Block on Trump's Asylum Ban Upheld by Supreme Court
If Michael Wolff'sTrump tell-all book, Fire and Fury, reminds you of Shakespeare, it's probably the bard's take on life from Macbeth: "it is a tale / Told by an idiot, full of sound and fury, / Signifying nothing." The same might be true of the bluster around the book, with Trump's lawyers (as usual) sending a threatening cease and desist letter, and publishers responding in kind.
Trump clearly didn't want the book to be published (or maybe he has a stake in the book and is boosting sales by tweeting about it), but does the president or the courts have the power to ban a book before it comes out?
Prior Restraint and the Press
Part of the freedom of the press guaranteed by the First Amendment is a prohibition on prior restraint, meaning that the government, for the most part, cannot censor publication of newspapers, magazines, or books. Prior restraint has been called "the essence of censorship," and the First Amendment imposes a heavy presumption against the validity of any prior restraint.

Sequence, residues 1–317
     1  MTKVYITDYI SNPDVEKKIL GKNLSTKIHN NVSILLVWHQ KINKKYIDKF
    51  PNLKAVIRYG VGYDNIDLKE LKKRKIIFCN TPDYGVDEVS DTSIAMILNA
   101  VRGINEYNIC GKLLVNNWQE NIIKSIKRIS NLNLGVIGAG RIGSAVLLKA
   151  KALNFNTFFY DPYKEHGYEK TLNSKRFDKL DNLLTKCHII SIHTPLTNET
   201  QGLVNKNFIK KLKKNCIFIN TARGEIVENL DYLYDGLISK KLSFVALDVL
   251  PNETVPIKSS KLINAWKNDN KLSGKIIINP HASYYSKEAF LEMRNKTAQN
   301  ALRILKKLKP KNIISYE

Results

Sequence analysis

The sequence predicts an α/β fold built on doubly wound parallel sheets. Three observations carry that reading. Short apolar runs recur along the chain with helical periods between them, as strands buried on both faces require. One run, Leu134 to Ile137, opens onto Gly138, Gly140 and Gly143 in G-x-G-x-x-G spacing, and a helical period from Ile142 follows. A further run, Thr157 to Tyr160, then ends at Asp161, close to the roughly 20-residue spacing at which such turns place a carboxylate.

While there may be exceptions for matters of national security, the Supreme Court has ruled (in the case involving the Pentagon Papers) that prior restraint on the freedom of speech is almost never justified. All nine justices couldn't set a single standard on exactly when the government could impose a prior restraint on free speech, but most agreed that it was limited to instances where the publication of information could immediately endanger U.S. soldiers.
Efforts to Intimidate
While not the release of a previously secret Department of Defense report, Wolff's Fire and Fury is a non-fiction work, and it's already been published, so Trump's response was to claim the book was tantamount to "defamation by libel," and demand publishers halt distribution of the book. Macmillan CEO John Sargent called the president's effort to quash the book "flagrantly unconstitutional":
"A demand to cease and desist publication -- a clear effort by the President of the United States to intimidate a publisher into halting publication of an important book on the workings of the government -- is an attempt to achieve what is called prior restraint."
Whether Trump intends to follow through on his all-too-common threats of litigation remains to be seen.